Is Penn National's Acquisition of Pinnacle Too Risky?

Penn National Gaming's (NASDAQ: PENN) $2.8 billion acquisition of Pinnacle Entertainment (NASDAQ: PNK) would further cement the casino operator as the largest regional gaming player. By giving it a total of 41 casinos in 20 locations after four Pinnacle properties are sold to Boyd Gaming (NYSE: BYD) to fend off expected antitrust concerns, Penn National will have around $5 billion in annual revenues.

To put that in perspective, of all the domestic casino operators that derive most of their money from the U.S. only MGM Resorts and Caesars Entertainment will be larger (Las Vegas Sands and Wynn Resorts derive most of their revenues from Macau).

Of course, Penn and Pinnacle have been closely aligned for years, as Gaming & Leisure Properties (NASDAQ: GLPI), the real estate investment trust Penn formed to house the properties it operates, also houses Pinnacle's properties. Officially combining them brings together what has been slowly playing out.

A heavy hidden risk

The broad geographic diversity of the merger makes the deal look smart and gives Penn the ability to increase cross-selling opportunities to its customers. Yet there lurks some significant risk too.

Although both Penn National Gaming and Pinnacle Entertainment have offloaded almost all of their properties to Gaming & Leisure Properties, they're still on the hook for all the payments associated with them. The REIT is a triple-net REIT, and was the first one focused solely on the gaming industry. Under such an arrangement, properties are sold to the REIT, but it is the tenants -- the casino operators in this case -- that are responsible for paying all real estate taxes, building insurance, and maintenance on the properties.

Under Penn National's agreement with the REIT, it has over $10.4 billion in future minimum lease payments to Gaming & Leisure. The lion's share is due in 2022, and later in 2018 and 2019 it has more than $700 million due, with total debt payments amounting to $1.55 billion also due.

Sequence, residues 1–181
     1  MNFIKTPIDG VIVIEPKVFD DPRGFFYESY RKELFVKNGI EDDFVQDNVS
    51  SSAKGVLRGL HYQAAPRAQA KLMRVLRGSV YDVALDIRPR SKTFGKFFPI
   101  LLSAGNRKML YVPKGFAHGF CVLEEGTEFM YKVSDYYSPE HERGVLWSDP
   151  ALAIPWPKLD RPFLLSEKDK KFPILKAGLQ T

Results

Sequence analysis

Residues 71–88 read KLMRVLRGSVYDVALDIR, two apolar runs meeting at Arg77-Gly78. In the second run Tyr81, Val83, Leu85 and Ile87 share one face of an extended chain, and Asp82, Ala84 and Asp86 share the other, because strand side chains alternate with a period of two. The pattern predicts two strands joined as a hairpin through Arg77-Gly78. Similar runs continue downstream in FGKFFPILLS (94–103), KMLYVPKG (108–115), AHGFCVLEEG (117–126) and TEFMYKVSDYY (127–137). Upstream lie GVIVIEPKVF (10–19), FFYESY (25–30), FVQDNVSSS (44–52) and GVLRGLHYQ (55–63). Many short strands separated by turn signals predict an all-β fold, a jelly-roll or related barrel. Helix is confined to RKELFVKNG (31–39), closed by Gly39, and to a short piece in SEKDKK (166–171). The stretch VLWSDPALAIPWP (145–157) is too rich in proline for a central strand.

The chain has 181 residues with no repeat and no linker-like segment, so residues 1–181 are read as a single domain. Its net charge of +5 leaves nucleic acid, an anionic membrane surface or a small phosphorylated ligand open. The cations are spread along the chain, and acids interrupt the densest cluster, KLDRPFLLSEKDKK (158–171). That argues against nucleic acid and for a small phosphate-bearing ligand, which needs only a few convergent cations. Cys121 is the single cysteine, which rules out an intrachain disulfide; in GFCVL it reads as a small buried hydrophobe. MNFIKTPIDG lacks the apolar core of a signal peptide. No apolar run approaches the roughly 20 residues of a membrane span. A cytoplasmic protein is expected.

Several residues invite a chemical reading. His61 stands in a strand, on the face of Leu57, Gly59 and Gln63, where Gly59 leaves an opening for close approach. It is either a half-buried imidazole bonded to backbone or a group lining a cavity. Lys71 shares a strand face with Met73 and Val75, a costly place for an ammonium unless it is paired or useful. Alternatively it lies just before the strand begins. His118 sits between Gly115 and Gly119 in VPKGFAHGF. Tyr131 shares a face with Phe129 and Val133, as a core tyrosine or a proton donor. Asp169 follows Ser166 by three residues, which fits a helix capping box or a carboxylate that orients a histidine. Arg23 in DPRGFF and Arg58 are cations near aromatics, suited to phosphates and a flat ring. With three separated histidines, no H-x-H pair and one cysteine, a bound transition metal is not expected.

Similarly, Pinnacle's master lease agreement with the triple-net REIT has over $11.4 billion in financing obligations, with more than $9 billion due beginning in five years and $680 million due within three years beginning next year. It also has almost $870 million in total debt payments coming due now.

How to pay down the burden

By combining these companies, the merged casino operator will add some $4.4 billion in Pinnacle's long-term debt to Penn's existing $4.8 billion. Then the master lease obligations are placed on top and there is a significant pile of debt for gaming operations that aren't about to see a big growth spurt.

The rationale behind the merger, and other similar industry mergers that have occurred in recent years, is that revenues are not going to decline, and the success of the deal will come down to wringing efficiencies out of the new properties. Though the deal gives Penn National enhanced scale and the potential for a more efficiently run integrated gaming company, it will be one that's significantly indebted.

While casinos are built every day on the backs of debt, it's also the bane of their existence. Time and again gaming operators have imploded due to too much debt, including President Donald Trump-owned properties, the Revel in Atlantic City, New Jersey, and the convoluted case of Caesars Entertainment.

There's certainly a lot to like about this deal and Penn National Gaming has proven to be a shrewd and effective regional gaming leader. But investors expecting this merger to be easy money should remember that the economy heading into a period many economists believe is ripe for a recession. That could be poor timing as Penn has billions of dollars in debt obligations coming due -- with tens of billions more to follow -- which may make this a riskier investment than many people believe.

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Rich Duprey has no position in any of the stocks mentioned. The Motley Fool has no position in any of the stocks mentioned. The Motley Fool has a disclosure policy.